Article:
As association between acute kidney injury and general anaesthesia is well-defined in human medicine, but there is little information in the veterinary literature. A new case series, published in the latest issue of the Journal of Small Animal Practice (JSAP), attempted to characterise common factors after a suspected increase in incidence of post-procedure acute kidney injury in animals without identifiable risk factors.
In a study called “Twelve previously healthy non-geriatric dogs present for acute kidney injury after general anaesthesia for non-emergency surgical procedures in the UK1”, Emma Rogers-Smith and her co-authors retrospectively analysed the medical records of 12 dogs that presented for acute kidney injury following general anaesthesia across three multidisciplinary referral centres and one primary care practice in the UK. Information obtained included signalment, general anaesthesia, surgical procedure and peri-surgical management.
Emma Rogers-Smith, a resident in internal medicine at Davies Veterinary Specialists and corresponding author for the paper, said “A suspicion that there was an increase in non-geriatric dogs suffering acute kidney injury (AKI) shortly after elective procedures led to this study. Whilst our data supported this suspicion, there was an increase in incidence, the change itself is not statistically significant and so we are unable to be conclusive. This study is limited by small sample size and retrospective nature of the data. At this time no definitive causal link between these cases has been found. As such, we are urging clinicians with similar experiences in the last 24 months to get in touch. We hope to ascertain if there is any commonality between these cases and, if possible, better define the incidence of AKI in non-geriatric animals following elective procedures.”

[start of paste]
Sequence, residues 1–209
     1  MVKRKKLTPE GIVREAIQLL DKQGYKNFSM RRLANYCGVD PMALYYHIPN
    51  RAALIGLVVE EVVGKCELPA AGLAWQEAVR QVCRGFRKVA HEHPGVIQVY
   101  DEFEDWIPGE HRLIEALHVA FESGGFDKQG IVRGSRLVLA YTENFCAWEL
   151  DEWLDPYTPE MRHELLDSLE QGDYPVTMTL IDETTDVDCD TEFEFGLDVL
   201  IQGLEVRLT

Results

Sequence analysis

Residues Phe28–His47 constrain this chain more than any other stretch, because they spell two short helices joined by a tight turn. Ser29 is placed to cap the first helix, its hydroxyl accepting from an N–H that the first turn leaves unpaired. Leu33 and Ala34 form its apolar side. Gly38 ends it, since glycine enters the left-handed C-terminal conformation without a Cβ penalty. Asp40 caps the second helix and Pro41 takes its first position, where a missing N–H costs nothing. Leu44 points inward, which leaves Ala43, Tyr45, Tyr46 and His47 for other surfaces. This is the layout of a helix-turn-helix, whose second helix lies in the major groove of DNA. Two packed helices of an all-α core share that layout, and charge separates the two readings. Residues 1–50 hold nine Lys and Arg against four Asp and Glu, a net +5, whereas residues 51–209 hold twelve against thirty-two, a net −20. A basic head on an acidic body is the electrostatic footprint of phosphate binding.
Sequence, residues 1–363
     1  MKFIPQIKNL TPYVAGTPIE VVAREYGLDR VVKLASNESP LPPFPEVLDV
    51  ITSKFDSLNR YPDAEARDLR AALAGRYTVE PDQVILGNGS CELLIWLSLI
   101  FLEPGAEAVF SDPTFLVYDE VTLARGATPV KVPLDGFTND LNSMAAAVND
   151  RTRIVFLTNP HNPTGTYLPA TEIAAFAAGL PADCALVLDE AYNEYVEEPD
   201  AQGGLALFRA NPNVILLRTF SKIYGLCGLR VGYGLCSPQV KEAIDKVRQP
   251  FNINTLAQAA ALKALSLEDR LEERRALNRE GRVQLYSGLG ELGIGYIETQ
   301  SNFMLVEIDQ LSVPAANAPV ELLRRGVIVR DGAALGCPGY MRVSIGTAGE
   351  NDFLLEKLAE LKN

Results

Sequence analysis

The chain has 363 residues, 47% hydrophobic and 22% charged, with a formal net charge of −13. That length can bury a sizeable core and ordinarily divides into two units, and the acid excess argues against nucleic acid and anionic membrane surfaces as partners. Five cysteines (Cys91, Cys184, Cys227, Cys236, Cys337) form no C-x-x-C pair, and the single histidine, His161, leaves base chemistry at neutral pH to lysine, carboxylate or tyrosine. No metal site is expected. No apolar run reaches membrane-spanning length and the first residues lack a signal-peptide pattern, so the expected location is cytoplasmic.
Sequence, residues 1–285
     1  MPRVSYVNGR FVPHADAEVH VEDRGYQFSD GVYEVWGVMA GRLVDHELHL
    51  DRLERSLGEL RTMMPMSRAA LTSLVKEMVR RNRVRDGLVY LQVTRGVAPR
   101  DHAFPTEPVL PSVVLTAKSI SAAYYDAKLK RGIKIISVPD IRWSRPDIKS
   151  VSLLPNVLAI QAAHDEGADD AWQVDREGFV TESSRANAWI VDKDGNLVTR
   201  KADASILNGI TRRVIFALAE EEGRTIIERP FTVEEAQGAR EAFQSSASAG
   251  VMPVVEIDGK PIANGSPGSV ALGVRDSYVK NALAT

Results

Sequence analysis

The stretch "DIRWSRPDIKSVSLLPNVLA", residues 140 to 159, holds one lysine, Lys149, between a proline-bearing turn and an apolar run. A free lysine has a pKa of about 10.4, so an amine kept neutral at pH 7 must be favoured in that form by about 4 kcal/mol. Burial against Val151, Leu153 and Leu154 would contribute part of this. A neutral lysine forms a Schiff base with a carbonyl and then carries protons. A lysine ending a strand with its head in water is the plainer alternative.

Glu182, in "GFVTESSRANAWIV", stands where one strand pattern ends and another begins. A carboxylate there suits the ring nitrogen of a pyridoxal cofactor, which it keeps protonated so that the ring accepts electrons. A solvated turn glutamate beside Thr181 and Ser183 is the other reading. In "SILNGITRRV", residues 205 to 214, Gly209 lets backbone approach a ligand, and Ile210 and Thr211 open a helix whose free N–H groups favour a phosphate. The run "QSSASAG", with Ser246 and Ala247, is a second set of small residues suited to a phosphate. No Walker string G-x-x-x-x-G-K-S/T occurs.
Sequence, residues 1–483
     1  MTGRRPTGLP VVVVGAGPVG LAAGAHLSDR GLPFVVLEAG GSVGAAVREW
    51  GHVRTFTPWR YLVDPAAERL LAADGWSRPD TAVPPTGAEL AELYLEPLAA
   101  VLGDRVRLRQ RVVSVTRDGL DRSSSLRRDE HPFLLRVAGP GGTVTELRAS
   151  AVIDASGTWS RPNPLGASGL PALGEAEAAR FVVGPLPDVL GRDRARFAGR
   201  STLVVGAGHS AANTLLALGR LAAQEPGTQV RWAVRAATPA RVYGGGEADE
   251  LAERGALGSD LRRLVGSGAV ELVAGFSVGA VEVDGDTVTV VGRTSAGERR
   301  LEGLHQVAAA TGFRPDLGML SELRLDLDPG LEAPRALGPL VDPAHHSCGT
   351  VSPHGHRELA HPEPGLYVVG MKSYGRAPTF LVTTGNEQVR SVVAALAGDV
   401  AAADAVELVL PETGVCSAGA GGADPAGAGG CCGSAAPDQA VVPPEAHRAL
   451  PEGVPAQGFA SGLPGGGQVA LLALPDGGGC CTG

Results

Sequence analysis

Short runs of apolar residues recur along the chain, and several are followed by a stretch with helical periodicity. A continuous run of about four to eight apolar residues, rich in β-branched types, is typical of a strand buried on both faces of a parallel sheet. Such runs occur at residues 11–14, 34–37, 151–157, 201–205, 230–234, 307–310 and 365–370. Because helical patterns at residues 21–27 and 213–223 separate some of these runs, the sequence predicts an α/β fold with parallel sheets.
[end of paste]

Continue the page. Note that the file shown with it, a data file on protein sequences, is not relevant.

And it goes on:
Nick Jeffery, editor of JSAP concluded: “Nowadays, most veterinarians consider general anaesthesia safe in dogs and routinely allay pet-owner concerns. Whilst AKI following general anaesthesia seems to be rare, it is worrying that a specific risk factor was not identified in any dog, despite a wealth of available clinical data. I would urge any veterinarians that have similar cases to contact the authors.”
Any clinicians with similar experiences during the last 24 months should contact Emma Rogers-Smith on email@example.com.
The full article can be found in the June issue of the Journal of Small Animal Practice which is free for BSAVA members. It can also be read online here.
For information on how to become a BSAVA member visit the website here.